How To Choose A Marketing Agency

If you are in the process of choosing a marketing agency for your business, then I’m sure you are overwhelmed. In fact, according to the most recent IBIS Industry Report there are 7,200 digital marketing agencies in the United States. Before I came to work for Valve+Meter Performance Marketing, it felt like I received a postcard, email or phone call from half of the 7,200 every day. It was crazy!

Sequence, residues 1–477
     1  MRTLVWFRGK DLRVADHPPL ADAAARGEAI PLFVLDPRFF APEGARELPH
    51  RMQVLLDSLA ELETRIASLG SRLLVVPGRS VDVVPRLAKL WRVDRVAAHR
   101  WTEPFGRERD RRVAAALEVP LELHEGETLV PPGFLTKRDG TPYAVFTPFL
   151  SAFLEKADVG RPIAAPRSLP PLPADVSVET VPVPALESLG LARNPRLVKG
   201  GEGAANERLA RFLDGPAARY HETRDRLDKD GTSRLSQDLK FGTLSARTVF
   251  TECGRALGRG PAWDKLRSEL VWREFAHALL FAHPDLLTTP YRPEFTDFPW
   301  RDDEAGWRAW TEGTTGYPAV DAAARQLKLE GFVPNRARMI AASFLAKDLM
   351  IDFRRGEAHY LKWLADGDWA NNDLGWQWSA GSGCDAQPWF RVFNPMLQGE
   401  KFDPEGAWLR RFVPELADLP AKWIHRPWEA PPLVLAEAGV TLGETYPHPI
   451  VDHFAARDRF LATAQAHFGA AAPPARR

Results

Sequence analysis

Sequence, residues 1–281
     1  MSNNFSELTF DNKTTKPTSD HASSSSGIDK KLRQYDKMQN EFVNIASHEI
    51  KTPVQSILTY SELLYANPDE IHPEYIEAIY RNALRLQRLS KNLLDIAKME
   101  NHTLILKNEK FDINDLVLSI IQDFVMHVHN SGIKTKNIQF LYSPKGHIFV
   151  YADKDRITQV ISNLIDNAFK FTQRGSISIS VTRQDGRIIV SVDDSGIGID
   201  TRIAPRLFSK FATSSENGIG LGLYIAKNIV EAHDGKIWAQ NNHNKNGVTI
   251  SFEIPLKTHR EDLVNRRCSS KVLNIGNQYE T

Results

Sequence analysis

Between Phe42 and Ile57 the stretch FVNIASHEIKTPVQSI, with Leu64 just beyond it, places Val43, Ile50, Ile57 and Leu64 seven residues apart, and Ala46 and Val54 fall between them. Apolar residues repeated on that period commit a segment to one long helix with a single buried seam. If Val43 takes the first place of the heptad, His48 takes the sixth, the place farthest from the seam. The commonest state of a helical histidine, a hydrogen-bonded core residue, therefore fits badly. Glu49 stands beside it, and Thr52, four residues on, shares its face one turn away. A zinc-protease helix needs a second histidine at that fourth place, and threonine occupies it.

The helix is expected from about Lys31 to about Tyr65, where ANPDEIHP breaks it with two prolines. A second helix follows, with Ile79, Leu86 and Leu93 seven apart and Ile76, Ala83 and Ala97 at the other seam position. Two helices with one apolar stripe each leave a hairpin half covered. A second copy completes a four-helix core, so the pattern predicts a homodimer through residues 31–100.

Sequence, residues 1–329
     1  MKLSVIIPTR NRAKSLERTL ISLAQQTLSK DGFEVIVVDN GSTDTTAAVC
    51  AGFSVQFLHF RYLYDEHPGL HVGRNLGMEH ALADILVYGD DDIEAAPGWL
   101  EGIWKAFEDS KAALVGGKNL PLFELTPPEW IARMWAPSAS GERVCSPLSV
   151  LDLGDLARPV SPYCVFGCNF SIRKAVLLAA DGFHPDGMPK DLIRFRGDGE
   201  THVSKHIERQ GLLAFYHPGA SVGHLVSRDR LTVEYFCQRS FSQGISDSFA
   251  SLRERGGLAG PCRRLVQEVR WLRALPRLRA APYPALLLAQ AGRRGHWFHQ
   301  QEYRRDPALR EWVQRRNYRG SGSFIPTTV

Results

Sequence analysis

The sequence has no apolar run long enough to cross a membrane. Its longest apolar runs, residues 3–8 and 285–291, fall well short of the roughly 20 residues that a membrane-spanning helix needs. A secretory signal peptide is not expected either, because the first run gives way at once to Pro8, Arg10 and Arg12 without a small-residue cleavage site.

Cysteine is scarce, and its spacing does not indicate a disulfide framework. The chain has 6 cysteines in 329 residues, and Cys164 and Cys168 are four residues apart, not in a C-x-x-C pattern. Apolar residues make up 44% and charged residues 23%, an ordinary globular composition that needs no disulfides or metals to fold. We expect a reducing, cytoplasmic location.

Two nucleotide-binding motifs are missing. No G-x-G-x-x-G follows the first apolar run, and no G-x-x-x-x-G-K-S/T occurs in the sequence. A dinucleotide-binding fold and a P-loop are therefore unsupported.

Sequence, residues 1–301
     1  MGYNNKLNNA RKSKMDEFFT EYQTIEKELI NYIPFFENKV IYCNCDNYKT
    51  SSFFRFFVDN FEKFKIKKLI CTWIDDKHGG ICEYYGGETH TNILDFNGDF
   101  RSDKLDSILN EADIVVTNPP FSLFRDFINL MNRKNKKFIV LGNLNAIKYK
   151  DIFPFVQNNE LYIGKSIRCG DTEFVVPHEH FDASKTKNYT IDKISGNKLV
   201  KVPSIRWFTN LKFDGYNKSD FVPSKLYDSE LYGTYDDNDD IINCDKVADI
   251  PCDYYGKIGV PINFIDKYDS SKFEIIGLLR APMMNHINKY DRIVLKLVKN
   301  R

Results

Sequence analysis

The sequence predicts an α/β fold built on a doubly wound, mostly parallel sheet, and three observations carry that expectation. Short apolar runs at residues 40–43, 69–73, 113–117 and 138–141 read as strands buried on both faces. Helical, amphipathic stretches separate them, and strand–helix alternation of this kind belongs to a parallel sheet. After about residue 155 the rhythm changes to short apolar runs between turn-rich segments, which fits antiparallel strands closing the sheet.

What you need to know is that many of the tactics and services offered by marketing agencies are similar. Yes, I said that, because it is true. Often times offerings will be focused around traditional or digital tactics. The two primary differentiators between marketing agencies lie in how they develop testing strategies and what culture they have established within their business. If a marketing agency does not have a fully developed testing strategy, the chances of them being good stewards of your marketing dollars are slim. A marketing agency cannot truthfully come to the table and say a particular strategy will work without testing. There are too many variables within geographies (city to city differences), customer types (gender, age, income, businesses, consumers), marketing saturation and marketing costs, to arrive at a final marketing strategy without testing. Marcia Barnes, CEO and Founder of Valve+Meter Performance Marketing, has written a popular article about testing that articulates,  the testing strategies we utilize for our client’s campaigns. With that being said, let’s talk about culture.